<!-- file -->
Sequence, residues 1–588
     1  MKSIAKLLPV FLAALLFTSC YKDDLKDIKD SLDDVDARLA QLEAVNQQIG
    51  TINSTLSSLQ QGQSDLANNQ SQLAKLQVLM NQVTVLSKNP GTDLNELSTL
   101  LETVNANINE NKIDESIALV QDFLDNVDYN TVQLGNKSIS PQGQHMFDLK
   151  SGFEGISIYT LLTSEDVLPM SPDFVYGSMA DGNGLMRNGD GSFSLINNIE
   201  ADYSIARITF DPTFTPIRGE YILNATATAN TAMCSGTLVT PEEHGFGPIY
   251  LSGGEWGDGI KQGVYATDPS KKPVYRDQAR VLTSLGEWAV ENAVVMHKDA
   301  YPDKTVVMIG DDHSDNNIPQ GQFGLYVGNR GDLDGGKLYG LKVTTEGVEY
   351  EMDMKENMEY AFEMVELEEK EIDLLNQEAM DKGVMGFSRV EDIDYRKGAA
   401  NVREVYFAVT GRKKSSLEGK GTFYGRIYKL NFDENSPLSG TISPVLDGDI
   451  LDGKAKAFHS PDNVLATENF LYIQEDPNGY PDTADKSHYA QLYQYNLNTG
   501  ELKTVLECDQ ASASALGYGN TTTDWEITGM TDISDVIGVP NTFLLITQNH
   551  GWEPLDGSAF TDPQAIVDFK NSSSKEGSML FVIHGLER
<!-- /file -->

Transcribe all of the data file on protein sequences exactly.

Sequence, residues 1–588
     1  MKSIAKLLPV FLAALLFTSC YKDDLKDIKD SLDDVDARLA QLEAVNQQIG
    51  TINSTLSSLQ QGQSDLANNQ SQLAKLQVLM NQVTVLSKNP GTDLNELSTL
   101  LETVNANINE NKIDESIALV QDFLDNVDYN TVQLGNKSIS PQGQHMFDLK
   151  SGFEGISIYT LLTSEDVLPM SPDFVYGSMA DGNGLMRNGD GSFSLINNIE
   201  ADYSIARITF DPTFTPIRGE YILNATATAN TAMCSGTLVT PEEHGFGPIY
   251  LSGGEWGDGI KQGVYATDPS KKPVYRDQAR VLTSLGEWAV ENAVVMHKDA
   301  YPDKTVVMIG DDHSDNNIPQ GQFGLYVGNR GDLDGGKLYG LKVTTEGVEY
   351  EMDMKENMEY AFEMVELEEK EIDLLNQEAM DKGVMGFSRV EDIDYRKGAA
   401  NVREVYFAVT GRKKSSLEGK GTFYGRIYKL NFDENSPLSG TISPVLDGDI
   451  LDGKAKAFHS PDNVLATENF LYIQEDPNGY PDTADKSHYA QLYQYNLNTG
   501  ELKTVLECDQ ASASALGYGN TTTDWEITGM TDISDVIGVP NTFLLITQNH
   551  GWEPLDGSAF TDPQAIVDFK NSSSKEGSML FVIHGLER